The Unbearable Weight of Massive Talent

Nicolas Cage worked himself up to the point of being a major star, an Oscar winner, and a highly respected actor. Then personal financial troubles hit, leading him to take on a long string of low-budget action and horror films, most of which got their primary release on VOD. The irony is that those pictures afforded him a chance to experiment, leading to some of the most creative – and occasionally most unhinged – performances of his career. The Unbearable Weight of Massive Talent uses this irony to comedic effect. Its central premise is that Cage, playing himself, ends up in a dangerous situation that resembles the movies he's made in recent years. You won't find a more meta concept than that.

As the story opens, Cage is desperate for a good role. Unable to find one, he tells his agent (Neil Patrick Harris) that he wants to retire from acting. Problems at home make his melancholy worse. Ex-wife Olivia (Sharon Horgan) is upset that he's not a more attentive father to their teenage daughter Addy (Lily Sheen). With no good work on the horizon, Cage reluctantly accepts a $1 million offer to attend the birthday party of a wealthy fan, Javi Gutierrez (Pedro Pascal), on the Spanish island of Mallorca. To say Javi is obsessed would be an understatement. An entire room in his mansion is devoted to Cage memorabilia, and he's written a screenplay he hopes the actor will star in.

As soon as he arrives in the country, he's approached by two FBI agents, Vivian (Tiffany Haddish) and Martin (Ike Barinholtz). They inform him that Javi is a suspected crime lord who may have kidnapped a politician's daughter in an effort to persuade the guy to drop out of an upcoming election. Since Cage is staying at Javi's compound, they want him to poke around for information.

You have to give Nicolas Cage credit for being willing to poke fun at himself. The Unbearable Weight of Massive Talent is filled with references to his filmography. It also spoofs the, shall we say, exuberant acting style he's become known for. One of the funniest bits finds him intermittently talking to a younger version of himself. But it's not just young Nic, it's Nic from Vampire's Kiss, a picture that contains one of his craziest portrayals. As the plot progresses, the danger grows, necessitating him to call upon some of the skills he's used onscreen in the past. That leads to several hilarious sequences, including a bit where he has to remember the stunt driving techniques he used in Gone in 60 Seconds during a car chase.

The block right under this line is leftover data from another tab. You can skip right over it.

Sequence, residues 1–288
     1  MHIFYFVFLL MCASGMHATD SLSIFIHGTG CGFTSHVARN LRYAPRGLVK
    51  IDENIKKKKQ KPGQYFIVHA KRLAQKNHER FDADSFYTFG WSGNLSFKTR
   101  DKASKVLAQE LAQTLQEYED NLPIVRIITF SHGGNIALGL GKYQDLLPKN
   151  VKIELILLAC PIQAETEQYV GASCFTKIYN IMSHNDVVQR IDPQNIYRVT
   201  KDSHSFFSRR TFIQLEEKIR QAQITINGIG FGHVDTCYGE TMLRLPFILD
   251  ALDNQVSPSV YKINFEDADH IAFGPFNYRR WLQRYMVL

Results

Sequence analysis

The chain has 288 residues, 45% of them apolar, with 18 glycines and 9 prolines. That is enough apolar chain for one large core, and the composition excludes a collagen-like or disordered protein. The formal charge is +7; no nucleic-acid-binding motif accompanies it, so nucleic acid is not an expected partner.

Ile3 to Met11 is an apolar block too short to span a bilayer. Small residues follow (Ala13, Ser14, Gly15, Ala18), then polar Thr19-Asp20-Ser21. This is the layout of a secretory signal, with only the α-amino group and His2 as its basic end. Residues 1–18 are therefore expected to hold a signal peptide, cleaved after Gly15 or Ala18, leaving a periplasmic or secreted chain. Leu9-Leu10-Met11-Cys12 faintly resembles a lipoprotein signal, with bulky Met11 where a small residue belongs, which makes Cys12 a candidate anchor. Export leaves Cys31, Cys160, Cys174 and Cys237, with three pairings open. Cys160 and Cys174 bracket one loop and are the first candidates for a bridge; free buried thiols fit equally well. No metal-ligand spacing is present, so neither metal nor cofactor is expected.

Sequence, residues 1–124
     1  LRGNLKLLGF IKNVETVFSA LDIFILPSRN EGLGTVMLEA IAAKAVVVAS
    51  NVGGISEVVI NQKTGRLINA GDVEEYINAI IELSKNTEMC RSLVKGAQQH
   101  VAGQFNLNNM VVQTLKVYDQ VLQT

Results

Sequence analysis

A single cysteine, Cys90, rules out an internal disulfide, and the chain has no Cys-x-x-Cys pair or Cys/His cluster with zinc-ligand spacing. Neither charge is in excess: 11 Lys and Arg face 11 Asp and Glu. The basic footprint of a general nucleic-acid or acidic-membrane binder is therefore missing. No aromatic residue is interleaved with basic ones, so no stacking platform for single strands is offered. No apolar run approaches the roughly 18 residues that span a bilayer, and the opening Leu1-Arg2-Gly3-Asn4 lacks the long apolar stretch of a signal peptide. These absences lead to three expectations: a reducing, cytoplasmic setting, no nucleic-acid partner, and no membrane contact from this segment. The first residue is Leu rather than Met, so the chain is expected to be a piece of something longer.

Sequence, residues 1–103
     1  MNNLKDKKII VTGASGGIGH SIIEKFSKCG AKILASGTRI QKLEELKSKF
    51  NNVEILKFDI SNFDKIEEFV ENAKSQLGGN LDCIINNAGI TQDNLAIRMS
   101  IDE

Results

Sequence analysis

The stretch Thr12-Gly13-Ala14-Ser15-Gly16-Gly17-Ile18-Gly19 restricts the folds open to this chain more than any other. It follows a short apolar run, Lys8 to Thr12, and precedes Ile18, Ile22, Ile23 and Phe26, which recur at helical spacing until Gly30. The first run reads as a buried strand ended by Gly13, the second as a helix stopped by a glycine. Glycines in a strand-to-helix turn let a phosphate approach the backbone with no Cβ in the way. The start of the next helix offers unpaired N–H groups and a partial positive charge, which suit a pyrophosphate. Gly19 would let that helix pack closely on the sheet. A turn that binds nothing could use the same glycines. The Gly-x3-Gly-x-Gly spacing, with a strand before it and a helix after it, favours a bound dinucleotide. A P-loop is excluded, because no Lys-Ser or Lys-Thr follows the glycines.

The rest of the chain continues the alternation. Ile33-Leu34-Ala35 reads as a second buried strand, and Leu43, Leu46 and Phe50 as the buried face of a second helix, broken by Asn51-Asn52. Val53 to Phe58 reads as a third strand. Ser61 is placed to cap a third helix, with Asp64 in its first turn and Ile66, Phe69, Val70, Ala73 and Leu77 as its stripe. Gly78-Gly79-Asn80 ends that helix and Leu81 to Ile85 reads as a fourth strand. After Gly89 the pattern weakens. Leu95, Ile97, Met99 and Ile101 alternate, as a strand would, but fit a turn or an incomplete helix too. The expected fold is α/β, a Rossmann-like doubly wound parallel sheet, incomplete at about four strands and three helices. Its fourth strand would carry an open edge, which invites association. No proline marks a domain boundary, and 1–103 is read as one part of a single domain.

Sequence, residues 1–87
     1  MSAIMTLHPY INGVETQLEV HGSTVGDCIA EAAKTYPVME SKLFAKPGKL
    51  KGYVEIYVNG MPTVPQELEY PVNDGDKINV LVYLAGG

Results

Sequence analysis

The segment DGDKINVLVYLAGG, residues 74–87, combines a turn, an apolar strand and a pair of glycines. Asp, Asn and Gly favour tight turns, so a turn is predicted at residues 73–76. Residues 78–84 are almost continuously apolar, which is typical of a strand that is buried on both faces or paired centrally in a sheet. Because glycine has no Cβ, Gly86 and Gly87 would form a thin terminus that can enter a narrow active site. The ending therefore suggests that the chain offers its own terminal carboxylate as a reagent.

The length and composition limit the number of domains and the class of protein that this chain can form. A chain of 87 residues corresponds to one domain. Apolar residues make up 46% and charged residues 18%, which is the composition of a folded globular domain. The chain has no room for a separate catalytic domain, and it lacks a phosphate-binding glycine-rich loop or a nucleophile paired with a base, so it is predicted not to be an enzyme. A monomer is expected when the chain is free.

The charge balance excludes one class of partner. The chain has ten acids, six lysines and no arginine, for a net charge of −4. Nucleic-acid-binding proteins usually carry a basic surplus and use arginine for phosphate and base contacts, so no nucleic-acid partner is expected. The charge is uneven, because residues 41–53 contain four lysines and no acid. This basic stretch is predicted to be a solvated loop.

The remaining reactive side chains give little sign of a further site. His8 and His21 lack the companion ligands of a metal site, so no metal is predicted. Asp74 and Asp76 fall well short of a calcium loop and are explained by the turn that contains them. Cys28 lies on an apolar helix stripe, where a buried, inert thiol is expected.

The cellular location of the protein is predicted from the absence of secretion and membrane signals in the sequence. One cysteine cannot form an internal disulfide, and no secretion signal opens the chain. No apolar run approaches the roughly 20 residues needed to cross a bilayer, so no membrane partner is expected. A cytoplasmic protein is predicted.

The heart of the movie, though, is the relationship between Cage and Javi. Despite the possibility that he's a criminal, the actor likes his host. Javi's appreciation for cinema is something he relates to. Watching them develop a “bromance” is great fun, thanks to the kooky chemistry Cage and Pascal work up together. There's a whole subplot about Cage pretending to want to write a script with Javi, simply as an excuse to feed info back to the feds. Even though there's technically an adversarial component to their bond, an undeniable creative spark ignites between them. Both stars give joyous performances that keep the story's intentionally outrageous events grounded in a semblance of humanity.

Having this beloved, enigmatic star find life imitating his often unique art offers many possibilities. For that reason, I can't help wishing that The Unbearable Weight of Massive Talent was even crazier than it is. To achieve full Nic Cage nirvana, it needed to be as insane as possible. Several of Cage's movies – Willy's Wonderland, Color Out of Space, Prisoners of the Ghostland – are crazier than the one that's satirizing them. In that sense, director/co-writer Tom Gormican misses some golden opportunities.

Although a little more restrained than it should be, The Unbearable Weight of Massive Talent is still a witty, funny riff on fame and the rollercoaster nature of show business. Beyond that, it's a celebration of Nicolas Cage, an actor who is often brilliant, sporadically too broad, and always fascinating. He gets to do a little of everything here, and it's tour de force work in a movie that reminds us of what a cinematic treasure he is.

out of four

The Unbearable Weight of Massive Talent is rated R for language throughout, some sexual references, drug use and violence. The running time is 1 hour and 47 minutes.